from the ya-tvoy-sluga-ya-tvoy-rabotnik dept.
"A study that was published last year by two Oxford researchers predicted that 47 percent of US jobs could be computerized within the next 20 years, including both manual labor and high cognition office work. The Oxford report presented three axes to show what types of jobs were relatively safe from being routed by robots and software; those requiring high levels of social intelligence (public relations), creativity (scientist, fashion designer), or perception and manipulation (surgeon) were less likely to be displaced.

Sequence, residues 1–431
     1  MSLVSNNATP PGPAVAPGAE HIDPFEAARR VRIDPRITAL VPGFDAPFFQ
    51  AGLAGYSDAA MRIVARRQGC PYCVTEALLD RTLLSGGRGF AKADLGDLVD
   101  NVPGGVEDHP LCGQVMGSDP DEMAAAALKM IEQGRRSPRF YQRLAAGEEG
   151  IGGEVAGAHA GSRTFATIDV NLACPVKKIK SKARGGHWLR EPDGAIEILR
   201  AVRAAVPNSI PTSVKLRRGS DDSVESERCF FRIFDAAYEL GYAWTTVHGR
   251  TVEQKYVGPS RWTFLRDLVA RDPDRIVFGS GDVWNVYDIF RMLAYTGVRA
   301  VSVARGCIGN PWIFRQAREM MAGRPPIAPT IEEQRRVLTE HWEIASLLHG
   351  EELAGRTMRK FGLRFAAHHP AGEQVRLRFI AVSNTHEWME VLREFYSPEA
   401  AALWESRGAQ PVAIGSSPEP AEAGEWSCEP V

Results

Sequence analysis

This further obsolescence of jobs due to automation may have already begun. The Financial Times describes an emerging wave of products and services from algorithmic-intensive, data-rich tech startups that will threaten increasing numbers of jobs including both knowledge and blue collar workers. The lead example is Kensho, a startup founded by ex-Google and Apple engineers that is building an engine to estimate the impact of real or hypothetical news items on security prices, with questions posed in a natural language. Specialist knowledge workers in many other fields, including law and medicine, could also be at risk. At lower income levels, the dangerous are posed by increasingly agile and autonomous robots, such as those Amazon uses to staff some of its fulfillment warehouses.